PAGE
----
Extremely Rare and Important Shenandoah Valley Stoneware Poem Jar by D. L. Eberly.Extremely Rare and Important Shenandoah Valley Stoneware Poem Jar by D. L. Eberly.Extremely Rare and Important Shenandoah Valley Stoneware Poem Jar by D. L. Eberly.Extremely Rare and Important Shenandoah Valley Stoneware Poem Jar by D. L. Eberly.Extremely Rare and Important Shenandoah Valley Stoneware Poem Jar by D. L. Eberly.

Southern Poem Jar. Exceedingly Rare and Important Two-Gallon Stoneware Jar with Freehand Cobalt Poem, Signed "D.L.E." and Stamped " FROM / J. EBERLY & BRO. / STRASBURG, VA.," Daniel Letcher Eberly at the J. Eberly & Bro. Pottery, Strasburg, VA, circa 1877-1885. The poem reads,

2. Y's. U. B
2. Y's U. See
2. Y's U Think
U.R. For Me.
D.L.E.

Regarded as the Eberly pottery's masterpiece in stoneware, this wonderful jar displays D.L. Eberly's proficiency as an artist in clay and the written word. Using letters to represent words in a rebus-like manner, the poem, taken from related rhymes of the period, is romantic and playful. The repeated use of the number "2" to denote the word "too" may be a pun on the fact that the jar measures two gallons. The word, "Strasburg," written vertically down the body of the jar and flanked by regionally-styled brushwork, proudly states where the piece was made. Examples of stoneware featuring poetry written in rhyming verse are extremely rare. Eberly's charm and flair for writing are evidenced by a surviving diary and numerous love letters to his future wife, Estelle Golladay. Provenance: Jeffrey S. Evans & Associates Auctions, The Collection of the Late John and Lil Palmer, April 5, 2014, lot 29; Ex-Collection Bill and Leah Pollard, Aldie, VA; Green Valley Auctions, March 5-6- 1993; Ex-Collection Tom and Liz Thorpe, Catlett, VA. H 11 3/4".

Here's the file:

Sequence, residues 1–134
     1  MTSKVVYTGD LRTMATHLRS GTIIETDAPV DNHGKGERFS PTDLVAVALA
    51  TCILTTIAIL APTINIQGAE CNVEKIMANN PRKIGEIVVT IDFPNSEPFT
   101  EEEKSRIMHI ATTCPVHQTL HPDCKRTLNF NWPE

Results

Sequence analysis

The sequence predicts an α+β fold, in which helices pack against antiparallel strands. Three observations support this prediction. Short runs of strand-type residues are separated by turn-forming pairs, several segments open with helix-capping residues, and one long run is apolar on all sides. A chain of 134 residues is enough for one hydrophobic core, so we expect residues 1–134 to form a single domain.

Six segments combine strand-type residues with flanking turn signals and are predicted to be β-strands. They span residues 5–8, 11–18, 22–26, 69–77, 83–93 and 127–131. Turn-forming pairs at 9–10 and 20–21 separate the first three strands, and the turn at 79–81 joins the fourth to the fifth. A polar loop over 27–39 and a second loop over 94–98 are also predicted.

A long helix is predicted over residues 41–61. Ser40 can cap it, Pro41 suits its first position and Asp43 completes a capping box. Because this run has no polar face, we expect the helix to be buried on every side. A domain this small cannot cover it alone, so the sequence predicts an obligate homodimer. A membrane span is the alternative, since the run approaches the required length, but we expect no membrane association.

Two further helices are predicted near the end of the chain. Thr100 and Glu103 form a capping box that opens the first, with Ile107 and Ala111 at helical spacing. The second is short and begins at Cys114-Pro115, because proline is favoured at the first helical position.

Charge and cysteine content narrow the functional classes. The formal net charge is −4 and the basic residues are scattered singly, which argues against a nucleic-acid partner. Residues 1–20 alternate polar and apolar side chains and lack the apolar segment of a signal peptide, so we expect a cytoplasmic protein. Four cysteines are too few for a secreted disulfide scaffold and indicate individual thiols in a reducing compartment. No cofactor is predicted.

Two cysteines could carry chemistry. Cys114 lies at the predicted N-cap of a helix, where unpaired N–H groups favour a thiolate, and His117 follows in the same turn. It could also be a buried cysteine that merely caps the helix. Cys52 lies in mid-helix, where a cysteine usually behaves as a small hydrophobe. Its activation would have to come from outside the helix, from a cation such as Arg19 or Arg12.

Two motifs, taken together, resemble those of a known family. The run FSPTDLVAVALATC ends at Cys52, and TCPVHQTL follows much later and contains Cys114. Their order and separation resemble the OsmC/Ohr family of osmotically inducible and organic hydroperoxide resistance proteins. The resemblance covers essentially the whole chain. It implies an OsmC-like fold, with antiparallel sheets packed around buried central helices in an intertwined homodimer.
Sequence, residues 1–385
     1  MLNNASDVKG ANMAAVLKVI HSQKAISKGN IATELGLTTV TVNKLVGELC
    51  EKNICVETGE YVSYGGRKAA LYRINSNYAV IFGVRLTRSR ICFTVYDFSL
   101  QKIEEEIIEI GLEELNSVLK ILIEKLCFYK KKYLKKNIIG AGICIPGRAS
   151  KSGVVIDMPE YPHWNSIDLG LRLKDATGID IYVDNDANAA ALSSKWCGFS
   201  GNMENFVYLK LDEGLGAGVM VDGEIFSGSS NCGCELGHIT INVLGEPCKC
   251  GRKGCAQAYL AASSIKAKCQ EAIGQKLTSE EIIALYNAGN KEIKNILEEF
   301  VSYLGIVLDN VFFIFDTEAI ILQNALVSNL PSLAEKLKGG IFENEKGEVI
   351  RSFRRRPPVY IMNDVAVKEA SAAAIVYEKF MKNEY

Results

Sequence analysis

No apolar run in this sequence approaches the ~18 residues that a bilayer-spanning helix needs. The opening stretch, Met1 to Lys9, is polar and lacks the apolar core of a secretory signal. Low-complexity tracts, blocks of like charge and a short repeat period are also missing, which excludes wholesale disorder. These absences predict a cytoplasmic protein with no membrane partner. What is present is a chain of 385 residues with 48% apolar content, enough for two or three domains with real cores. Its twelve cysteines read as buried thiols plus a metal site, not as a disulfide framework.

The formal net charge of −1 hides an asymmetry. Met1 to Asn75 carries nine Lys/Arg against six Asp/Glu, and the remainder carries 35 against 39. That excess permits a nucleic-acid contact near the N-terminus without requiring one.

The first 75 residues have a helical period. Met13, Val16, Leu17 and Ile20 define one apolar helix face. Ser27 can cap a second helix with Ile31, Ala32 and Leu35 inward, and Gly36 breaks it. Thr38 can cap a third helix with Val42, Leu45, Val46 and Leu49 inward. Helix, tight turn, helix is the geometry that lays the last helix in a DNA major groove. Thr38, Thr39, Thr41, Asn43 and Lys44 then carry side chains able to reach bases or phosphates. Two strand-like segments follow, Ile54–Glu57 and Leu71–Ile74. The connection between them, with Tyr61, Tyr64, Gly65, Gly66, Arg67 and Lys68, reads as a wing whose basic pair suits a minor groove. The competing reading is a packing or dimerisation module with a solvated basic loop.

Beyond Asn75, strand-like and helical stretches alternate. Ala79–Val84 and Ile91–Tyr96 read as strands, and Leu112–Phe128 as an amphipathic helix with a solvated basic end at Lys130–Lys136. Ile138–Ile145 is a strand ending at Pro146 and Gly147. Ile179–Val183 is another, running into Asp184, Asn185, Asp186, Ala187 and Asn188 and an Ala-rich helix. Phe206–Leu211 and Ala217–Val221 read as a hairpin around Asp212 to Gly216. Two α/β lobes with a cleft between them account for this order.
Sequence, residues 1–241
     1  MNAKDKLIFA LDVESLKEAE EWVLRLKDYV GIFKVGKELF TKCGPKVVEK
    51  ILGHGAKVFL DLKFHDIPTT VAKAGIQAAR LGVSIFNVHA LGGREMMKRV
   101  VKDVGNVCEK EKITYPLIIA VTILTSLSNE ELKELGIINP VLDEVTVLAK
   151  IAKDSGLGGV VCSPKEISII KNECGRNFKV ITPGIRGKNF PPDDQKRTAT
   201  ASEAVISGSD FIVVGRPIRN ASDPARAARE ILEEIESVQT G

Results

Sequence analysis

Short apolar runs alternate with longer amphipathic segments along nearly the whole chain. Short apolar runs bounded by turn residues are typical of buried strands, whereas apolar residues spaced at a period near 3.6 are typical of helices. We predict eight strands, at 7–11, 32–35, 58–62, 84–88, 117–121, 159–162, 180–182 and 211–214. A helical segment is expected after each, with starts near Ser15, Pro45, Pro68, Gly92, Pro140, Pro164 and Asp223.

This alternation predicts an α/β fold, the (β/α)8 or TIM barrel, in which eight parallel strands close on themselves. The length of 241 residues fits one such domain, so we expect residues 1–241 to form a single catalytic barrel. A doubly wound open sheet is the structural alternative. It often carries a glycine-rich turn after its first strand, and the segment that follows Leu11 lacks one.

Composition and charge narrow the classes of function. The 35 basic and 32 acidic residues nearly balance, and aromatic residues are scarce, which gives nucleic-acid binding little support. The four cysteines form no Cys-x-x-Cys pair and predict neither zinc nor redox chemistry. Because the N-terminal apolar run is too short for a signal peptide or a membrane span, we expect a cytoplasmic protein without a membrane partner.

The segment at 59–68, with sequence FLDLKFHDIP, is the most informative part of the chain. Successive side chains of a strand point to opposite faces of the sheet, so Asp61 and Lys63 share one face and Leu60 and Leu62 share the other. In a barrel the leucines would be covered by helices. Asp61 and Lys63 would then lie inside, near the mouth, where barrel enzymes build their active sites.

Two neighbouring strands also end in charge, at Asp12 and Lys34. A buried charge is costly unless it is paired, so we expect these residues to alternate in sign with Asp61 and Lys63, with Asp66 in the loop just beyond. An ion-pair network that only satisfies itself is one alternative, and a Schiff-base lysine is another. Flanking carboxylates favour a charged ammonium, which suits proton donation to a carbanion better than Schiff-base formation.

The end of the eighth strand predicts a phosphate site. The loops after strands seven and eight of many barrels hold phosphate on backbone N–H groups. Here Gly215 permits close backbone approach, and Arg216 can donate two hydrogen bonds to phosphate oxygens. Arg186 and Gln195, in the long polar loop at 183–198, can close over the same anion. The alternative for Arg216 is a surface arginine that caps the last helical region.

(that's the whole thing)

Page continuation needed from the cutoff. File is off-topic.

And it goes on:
Rare and Fine Stoneware Jug with Large Incised Bird Decoration, Manhattan, NY origin, probably Crolius Family, late 18th or early 19th century. Rare and Fine Stoneware Jug with Large Incised Bird Decoration, Manhattan, NY origin, probably Crolius Family, late 18th or early 19th century. Rare and Fine Stoneware Jug with Large Incised Bird Decoration, Manhattan, NY origin, probably Crolius Family, late 18th or early 19th century. Rare and Fine Stoneware Jug with Large Incised Bird Decoration, Manhattan, NY origin, probably Crolius Family, late 18th or early 19th century. Rare and Fine Stoneware Jug with Large Incised Bird Decoration, Manhattan, NY origin, probably Crolius Family, late 18th or early 19th century.